std::cout << "The value of evil_ptr is: " << evil_ptr << " and points to the value :" << *evil_ptr << std::endl;
    
    
    return 0;
}
The address of bar is   : 0036FD10 and holds the value     :3
The value of good_ptr is: 0036FD10 and points to the value :3

The address of bar is   : 0036FD10 and holds the value     :3
The value of good_ptr is: 0036FD10 and points to the value :10
The value of evil_ptr is: 0036FD10 and points to the value :10


So general, yes you can cast away const but it is not a very good idea.
Last edited on
gladi, by the time f() exits y is destroyed, so xptr is dangling, and thats why you can't print the value of y.
this should work:

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void f( const int *xPtr )
{
    static const int y = 100;
    xPtr = &y;
}
Last edited on
bandicoot360 wrote:
by the time f() exits y is destroyed, so xptr is dangling, and thats why you can't print the value of y.
xPtr is also destroyed.

:D yes, I didn't notice, sry
@gladi


I think that you want the following

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#include <iostream>

using namespace std;

void f( int * ); // prototype

int main()
{
   int y;
   
   f( &y);
 
   cout << y << endl ;

   system ("pause");
} // end main


void f( int *xPtr )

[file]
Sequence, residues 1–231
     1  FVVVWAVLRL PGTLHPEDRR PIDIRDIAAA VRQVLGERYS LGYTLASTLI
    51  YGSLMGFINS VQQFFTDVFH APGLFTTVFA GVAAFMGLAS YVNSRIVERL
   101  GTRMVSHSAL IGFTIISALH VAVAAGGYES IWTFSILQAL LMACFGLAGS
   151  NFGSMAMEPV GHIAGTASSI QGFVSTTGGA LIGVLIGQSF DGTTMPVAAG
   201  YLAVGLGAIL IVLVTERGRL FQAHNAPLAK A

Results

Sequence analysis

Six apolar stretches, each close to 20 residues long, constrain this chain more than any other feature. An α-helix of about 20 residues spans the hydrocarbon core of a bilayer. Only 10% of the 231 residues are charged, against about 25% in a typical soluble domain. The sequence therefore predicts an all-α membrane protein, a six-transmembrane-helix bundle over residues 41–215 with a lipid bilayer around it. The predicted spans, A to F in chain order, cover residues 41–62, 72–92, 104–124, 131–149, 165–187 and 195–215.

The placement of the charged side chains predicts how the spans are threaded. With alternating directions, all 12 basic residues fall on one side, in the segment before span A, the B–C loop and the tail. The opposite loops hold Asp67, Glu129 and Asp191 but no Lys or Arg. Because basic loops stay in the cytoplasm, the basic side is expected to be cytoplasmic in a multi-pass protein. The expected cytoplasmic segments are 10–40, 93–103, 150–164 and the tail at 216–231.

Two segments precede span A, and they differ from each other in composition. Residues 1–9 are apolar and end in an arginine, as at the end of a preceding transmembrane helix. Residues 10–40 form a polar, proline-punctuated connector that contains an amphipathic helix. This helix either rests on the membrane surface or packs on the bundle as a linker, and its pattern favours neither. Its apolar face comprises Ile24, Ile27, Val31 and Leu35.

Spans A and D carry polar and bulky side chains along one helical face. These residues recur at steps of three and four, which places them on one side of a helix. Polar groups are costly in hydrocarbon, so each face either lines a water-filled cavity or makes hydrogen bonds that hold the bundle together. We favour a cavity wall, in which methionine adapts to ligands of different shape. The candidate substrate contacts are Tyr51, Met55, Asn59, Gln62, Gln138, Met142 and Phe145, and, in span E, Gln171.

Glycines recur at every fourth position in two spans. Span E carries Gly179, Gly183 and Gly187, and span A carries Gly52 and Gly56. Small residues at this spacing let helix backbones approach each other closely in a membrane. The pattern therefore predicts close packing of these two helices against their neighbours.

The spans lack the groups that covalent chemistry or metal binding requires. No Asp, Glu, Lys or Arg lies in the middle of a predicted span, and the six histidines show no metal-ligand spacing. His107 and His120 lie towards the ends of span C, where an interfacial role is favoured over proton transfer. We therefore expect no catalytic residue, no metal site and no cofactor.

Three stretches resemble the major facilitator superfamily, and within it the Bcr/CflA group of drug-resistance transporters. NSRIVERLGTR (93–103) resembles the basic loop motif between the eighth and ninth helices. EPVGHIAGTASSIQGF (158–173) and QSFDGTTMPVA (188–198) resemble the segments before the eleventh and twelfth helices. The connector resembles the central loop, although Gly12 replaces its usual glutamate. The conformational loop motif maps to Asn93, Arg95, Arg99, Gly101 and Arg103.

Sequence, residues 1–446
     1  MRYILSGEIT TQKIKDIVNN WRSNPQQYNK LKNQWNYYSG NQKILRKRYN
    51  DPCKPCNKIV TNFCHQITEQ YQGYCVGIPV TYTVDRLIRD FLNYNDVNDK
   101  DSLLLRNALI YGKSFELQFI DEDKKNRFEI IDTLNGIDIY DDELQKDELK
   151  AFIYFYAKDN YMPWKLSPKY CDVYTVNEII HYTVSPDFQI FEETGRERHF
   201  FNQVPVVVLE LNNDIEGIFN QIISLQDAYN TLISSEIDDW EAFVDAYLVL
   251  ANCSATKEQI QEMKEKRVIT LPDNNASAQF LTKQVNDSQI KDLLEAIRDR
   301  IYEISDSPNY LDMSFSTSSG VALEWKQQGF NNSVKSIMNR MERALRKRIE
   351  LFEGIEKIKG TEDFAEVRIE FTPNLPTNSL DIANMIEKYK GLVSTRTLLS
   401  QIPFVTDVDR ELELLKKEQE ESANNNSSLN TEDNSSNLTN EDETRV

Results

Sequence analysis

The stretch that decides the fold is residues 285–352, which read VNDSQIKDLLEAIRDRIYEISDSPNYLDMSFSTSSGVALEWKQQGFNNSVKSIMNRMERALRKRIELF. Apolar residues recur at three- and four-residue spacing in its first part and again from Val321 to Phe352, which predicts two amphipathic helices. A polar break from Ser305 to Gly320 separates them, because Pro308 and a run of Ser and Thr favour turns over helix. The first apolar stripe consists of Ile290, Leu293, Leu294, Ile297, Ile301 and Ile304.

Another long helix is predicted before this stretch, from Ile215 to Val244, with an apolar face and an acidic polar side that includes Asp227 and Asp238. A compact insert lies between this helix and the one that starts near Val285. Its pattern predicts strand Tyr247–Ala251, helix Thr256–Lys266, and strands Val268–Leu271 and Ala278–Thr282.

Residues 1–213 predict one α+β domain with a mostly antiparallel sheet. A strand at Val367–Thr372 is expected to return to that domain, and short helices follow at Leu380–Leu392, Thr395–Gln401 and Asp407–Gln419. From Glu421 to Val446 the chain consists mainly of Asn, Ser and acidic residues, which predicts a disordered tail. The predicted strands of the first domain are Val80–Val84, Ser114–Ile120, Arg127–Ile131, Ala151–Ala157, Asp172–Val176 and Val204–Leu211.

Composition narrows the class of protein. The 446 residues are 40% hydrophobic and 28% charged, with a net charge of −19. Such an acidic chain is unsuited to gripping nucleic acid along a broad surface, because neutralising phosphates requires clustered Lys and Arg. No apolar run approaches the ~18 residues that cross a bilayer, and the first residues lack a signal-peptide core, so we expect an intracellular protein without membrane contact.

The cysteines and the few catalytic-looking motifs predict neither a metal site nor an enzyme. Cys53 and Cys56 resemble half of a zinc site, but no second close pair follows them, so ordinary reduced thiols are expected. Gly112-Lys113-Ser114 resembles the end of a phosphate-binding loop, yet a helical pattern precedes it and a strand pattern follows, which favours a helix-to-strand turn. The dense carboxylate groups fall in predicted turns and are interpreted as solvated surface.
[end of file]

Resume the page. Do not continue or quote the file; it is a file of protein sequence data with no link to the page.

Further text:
{
	const int y = 100;
	*xPtr = y; 
} // end function f 
Last edited on
Hi bandicoot360

I tried this but it didn't print the value of Y



gladi, by the time f() exits y is destroyed, so xptr is dangling, and thats why you can't print the value of y.
this should work:





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void f( const int *xPtr )
{
static const int y = 100;
xPtr = &y;
}


Hi vlad from moscow

there is no way other than this to print the value of y in the main. How I can pass the value?
You may pass an argument by reference. For example

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#include <iostream>

using namespace std;

void f( int & ); // prototype

int main()
{
   int y;
   
   f( y);
 
   cout << y << endl ;

   system ("pause");
} // end main


void f( int &x )
{
	const int y = 100;
	x = y; 
} // end function f